Zimbabwe’s Road to Recovery: Highway Project Nears Completion 

by Victor Adetimilehin

Zimbabwe is on the verge of completing a major infrastructure project that will boost its economy and regional integration. The Harare-Masvingo-Beitbridge highway, which connects the capital city to the country’s southern border with South Africa, is expected to be fully rehabilitated by the end of this year.

The highway is part of the north-south corridor that links Zimbabwe to its neighboring countries and facilitates trade and transport in the region. The project, which started in 2017, involves upgrading the existing road to a dual carriageway and constructing new bridges and toll plazas.

The project is one of the signature initiatives of President Emmerson Mnangagwa’s administration, which has prioritized infrastructure development as a key driver of economic recovery. The president has also overseen the modernization of the Beitbridge Border Post, which is the busiest land border in the Southern African Development Community (SADC) region.

On Tuesday, Transport and Infrastructural Development Minister Felix Mhona led a delegation on a tour of the highway and opened about 3km of dualised road near Mbudzi roundabout in Harare. He expressed satisfaction with the progress made by the contractors and said the project was on track to meet its deadline.

We are here to witness this flagship project which is Harare-Beitbridge Road and we are at Hunyani Bridge where you are seeing tremendous works being undertaken on this particular project. And the idea is to witness and also to be in a position to supervise for us so that we don’t have to wait and hear what is happening without us seeing,” he said.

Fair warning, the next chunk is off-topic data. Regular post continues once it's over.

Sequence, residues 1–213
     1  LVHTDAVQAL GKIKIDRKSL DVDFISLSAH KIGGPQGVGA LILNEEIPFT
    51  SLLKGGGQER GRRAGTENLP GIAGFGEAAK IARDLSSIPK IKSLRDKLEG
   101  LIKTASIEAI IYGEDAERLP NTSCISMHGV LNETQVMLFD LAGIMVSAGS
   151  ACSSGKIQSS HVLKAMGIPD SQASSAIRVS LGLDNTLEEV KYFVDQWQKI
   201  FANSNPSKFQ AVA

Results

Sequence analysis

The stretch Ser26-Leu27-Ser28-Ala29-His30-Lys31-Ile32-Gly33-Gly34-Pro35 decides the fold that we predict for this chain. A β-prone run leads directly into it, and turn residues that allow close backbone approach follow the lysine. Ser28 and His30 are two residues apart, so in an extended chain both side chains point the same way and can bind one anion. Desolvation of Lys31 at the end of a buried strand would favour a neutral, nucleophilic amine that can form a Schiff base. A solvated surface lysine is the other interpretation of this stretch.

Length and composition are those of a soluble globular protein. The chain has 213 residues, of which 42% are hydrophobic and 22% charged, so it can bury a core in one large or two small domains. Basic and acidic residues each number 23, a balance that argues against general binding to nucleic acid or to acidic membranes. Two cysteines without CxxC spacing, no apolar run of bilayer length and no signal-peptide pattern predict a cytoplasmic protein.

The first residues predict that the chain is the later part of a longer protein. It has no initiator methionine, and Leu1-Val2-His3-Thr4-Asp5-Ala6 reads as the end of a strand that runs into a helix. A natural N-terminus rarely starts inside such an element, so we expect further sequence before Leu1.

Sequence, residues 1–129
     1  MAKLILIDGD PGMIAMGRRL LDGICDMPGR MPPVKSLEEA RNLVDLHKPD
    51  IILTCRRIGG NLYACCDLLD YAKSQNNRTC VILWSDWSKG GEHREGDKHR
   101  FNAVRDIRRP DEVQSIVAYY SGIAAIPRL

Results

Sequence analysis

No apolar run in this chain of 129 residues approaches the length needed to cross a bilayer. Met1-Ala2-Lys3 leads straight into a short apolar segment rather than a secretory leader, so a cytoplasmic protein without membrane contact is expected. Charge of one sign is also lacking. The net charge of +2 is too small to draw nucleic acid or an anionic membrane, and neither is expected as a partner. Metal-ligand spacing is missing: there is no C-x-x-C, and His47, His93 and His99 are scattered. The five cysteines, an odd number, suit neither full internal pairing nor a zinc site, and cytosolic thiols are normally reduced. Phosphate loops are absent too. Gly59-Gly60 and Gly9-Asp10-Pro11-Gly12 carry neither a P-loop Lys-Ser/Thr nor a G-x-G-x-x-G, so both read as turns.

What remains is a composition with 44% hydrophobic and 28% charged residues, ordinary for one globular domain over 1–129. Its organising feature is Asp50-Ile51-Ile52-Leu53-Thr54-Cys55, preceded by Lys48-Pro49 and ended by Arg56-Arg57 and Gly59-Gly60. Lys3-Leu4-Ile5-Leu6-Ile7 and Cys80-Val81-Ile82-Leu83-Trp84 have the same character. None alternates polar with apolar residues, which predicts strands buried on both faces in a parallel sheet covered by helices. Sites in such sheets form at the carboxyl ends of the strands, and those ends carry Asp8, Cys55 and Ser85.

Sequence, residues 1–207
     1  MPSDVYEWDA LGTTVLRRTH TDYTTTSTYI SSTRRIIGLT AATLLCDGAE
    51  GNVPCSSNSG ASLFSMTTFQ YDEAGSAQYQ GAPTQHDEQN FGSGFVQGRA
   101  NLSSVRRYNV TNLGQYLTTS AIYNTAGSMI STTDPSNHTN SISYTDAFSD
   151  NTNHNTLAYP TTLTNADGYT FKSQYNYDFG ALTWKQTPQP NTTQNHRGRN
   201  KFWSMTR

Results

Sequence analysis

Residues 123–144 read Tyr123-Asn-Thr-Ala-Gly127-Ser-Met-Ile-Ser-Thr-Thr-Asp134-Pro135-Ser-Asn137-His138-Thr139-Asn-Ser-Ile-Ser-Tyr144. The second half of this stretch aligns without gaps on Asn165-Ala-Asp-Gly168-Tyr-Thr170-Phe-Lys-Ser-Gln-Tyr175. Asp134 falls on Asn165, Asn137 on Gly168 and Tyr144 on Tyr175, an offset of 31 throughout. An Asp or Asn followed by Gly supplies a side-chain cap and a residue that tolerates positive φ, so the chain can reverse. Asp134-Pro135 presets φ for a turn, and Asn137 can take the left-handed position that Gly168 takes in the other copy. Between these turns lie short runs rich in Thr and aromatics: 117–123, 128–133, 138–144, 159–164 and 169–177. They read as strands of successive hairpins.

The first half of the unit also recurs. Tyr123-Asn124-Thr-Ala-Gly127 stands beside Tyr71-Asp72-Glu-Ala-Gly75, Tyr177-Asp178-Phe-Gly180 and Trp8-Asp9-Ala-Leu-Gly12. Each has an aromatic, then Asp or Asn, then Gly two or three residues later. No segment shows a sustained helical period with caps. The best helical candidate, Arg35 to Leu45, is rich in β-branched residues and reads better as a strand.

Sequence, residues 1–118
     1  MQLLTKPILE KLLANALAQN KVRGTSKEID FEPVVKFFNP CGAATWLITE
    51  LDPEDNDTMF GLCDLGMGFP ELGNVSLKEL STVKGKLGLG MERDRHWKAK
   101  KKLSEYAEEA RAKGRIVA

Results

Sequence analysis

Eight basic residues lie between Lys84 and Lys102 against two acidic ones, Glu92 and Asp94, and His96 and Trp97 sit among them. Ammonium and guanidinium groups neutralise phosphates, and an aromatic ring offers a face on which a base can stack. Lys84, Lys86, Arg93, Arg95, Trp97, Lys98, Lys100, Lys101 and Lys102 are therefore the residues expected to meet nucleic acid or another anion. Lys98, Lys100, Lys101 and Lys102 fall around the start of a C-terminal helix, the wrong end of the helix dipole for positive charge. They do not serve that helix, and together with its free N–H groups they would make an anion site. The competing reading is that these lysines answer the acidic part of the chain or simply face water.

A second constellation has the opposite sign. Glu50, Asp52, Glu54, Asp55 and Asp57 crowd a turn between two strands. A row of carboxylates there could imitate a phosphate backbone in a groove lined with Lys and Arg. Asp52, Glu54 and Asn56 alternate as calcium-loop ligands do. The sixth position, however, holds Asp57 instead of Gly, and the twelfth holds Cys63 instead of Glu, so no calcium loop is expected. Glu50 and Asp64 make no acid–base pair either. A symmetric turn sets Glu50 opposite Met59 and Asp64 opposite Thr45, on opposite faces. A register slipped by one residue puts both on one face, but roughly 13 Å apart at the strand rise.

He added that after opening the 3km stretch, the total length of rehabilitated road would be close to 465km, leaving only about 50km to be completed. He also said that his ministry was ready to start working on another critical road, the Harare-Chirundu highway, which connects Zimbabwe to Zambia.

The highway project has been welcomed by motorists and commuters who have been facing challenges such as potholes, congestion and accidents on the old road. The new road is expected to improve safety, reduce travel time and lower maintenance costs for vehicles.

The project has also created employment opportunities for local people and boosted business activities along the route. Some of the contractors are local companies that have demonstrated their capacity and competence in delivering quality work.

The highway project is a testament to Zimbabwe’s resilience and determination to overcome its economic challenges and achieve its vision of becoming an upper-middle-income country by 2030. It is also a sign of the country’s commitment to regional integration and cooperation, which are essential for sustainable development in Africa.

Source: [The Herald]

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